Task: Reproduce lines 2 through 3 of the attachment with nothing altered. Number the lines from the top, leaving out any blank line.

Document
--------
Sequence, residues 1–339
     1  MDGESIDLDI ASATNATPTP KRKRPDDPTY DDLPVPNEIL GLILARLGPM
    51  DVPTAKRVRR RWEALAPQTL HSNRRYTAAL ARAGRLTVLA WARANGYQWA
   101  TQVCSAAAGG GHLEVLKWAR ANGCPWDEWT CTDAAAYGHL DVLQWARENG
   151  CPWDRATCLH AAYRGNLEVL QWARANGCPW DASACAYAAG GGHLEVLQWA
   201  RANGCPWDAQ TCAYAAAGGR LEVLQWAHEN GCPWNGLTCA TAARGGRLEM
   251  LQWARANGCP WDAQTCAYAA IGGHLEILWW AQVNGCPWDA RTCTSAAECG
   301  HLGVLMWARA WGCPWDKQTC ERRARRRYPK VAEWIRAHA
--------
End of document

     1  MDGESIDLDI ASATNATPTP KRKRPDDPTY DDLPVPNEIL GLILARLGPM
    51  DVPTAKRVRR RWEALAPQTL HSNRRYTAAL ARAGRLTVLA WARANGYQWA